The temptation to strike a bargain with a great-power rival is one the Romans knew, too. We should resist it.
Trump should learn from the Obama Administration’s mistakes and bet on the friends we already have.
The first obligation of leadership is to one’s own people. The international elite have forgotten that, and end up serving no one but themselves.
Or, how to survive when your empire dissolves.
Political orders, even fragile, imperfect ones, are worth defending from those who would wreck them.
America’s rivals are probing U.S. defenses across the globe.
The dangers of believing in the myth of Progress.
Deterrence isn’t a sure thing even in the best of circumstances—and for the West these are not the best of circumstances.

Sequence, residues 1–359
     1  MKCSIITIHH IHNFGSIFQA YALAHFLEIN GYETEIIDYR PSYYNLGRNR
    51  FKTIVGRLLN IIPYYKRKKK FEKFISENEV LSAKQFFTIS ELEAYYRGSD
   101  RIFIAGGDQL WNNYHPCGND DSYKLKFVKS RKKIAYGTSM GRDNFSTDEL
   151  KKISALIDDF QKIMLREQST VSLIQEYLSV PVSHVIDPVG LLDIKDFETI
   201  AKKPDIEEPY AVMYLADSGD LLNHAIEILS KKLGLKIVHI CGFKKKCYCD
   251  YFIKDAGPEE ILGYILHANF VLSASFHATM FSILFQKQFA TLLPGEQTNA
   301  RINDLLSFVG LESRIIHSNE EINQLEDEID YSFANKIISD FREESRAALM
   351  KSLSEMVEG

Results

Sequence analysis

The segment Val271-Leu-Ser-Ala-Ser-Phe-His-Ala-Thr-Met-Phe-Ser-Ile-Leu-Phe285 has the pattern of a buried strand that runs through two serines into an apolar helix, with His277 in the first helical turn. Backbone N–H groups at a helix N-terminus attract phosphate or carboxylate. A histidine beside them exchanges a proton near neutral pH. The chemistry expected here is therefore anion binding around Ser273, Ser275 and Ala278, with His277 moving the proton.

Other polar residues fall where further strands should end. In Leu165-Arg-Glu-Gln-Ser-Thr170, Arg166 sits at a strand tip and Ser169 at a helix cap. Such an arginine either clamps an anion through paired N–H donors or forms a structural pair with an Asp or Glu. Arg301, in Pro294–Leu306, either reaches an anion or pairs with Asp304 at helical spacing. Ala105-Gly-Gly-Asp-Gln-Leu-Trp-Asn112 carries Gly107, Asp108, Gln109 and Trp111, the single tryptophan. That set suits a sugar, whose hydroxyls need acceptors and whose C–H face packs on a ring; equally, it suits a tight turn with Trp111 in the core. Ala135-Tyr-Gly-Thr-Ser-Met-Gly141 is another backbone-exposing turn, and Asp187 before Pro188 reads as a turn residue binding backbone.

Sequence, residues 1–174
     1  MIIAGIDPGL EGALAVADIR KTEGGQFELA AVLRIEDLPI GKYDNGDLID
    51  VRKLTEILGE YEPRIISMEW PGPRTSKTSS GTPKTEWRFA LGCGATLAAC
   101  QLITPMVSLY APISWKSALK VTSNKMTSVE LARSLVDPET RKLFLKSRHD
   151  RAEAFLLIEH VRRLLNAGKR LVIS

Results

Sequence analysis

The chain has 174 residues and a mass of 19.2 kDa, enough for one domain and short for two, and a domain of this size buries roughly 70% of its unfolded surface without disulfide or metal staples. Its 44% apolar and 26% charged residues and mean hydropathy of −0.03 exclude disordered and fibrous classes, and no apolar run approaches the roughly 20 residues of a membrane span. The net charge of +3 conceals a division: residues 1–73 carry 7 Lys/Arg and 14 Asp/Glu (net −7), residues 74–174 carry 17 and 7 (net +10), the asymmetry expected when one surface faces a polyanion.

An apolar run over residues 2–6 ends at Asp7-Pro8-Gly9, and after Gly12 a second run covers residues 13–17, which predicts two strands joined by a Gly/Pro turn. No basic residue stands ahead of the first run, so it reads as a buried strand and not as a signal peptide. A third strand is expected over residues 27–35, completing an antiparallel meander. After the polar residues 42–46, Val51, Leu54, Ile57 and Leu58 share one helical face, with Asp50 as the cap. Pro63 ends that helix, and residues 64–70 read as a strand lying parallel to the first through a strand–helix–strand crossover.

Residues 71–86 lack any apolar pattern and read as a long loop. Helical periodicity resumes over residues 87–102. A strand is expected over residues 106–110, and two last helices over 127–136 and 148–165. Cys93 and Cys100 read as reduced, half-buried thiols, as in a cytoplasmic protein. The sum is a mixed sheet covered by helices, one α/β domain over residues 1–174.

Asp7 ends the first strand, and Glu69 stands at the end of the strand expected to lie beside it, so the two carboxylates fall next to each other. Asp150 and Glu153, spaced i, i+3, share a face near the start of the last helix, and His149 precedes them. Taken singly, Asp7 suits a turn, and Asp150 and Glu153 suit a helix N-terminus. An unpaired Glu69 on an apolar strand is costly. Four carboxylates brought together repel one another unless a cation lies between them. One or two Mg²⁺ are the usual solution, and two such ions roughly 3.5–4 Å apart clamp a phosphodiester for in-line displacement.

Withdrawing from a contest isn’t always cost free. Allies are always watching.
As the Romans knew, the secret to regaining influence over a teetering buffer state is: reputation, reputation, reputation.
Secretary Mattis arrives in Kabul on a surprise visit after the deadliest attack on the Afghan military since the start of the war.
It won’t transform the balance of power overnight, but it may spook the neighbors.
Will a win for the “radical center” signal anything more than a slow decline of the status quo toward failure?
If federalism means anything at all, it means that states and cities should, unless some grave emergency exists, be responsible for their own transit and transportation infrastructure.
For the first time in more than 130 years, the UK is going a day without burning coal for power.
It’s vital that we make sure that the great wealth-creating machine is ready for the millennial generation.